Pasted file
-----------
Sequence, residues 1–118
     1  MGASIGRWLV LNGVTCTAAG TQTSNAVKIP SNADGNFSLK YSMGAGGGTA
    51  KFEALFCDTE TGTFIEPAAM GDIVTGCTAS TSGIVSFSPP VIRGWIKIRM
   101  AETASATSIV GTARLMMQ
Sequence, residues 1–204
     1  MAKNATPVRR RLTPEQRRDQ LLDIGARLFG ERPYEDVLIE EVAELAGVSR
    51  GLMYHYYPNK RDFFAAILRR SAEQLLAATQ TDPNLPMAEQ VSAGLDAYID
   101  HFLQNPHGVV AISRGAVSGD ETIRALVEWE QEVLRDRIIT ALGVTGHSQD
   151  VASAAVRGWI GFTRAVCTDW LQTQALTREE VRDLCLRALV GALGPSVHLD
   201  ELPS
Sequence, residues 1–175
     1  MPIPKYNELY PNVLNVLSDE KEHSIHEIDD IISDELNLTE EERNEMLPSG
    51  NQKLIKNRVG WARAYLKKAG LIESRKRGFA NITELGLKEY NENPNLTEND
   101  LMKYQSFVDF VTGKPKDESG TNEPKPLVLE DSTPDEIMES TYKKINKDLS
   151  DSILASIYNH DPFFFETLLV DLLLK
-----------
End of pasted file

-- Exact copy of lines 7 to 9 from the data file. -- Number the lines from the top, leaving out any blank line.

    51  GLMYHYYPNK RDFFAAILRR SAEQLLAATQ TDPNLPMAEQ VSAGLDAYID
   101  HFLQNPHGVV AISRGAVSGD ETIRALVEWE QEVLRDRIIT ALGVTGHSQD
   151  VASAAVRGWI GFTRAVCTDW LQTQALTREE VRDLCLRALV GALGPSVHLD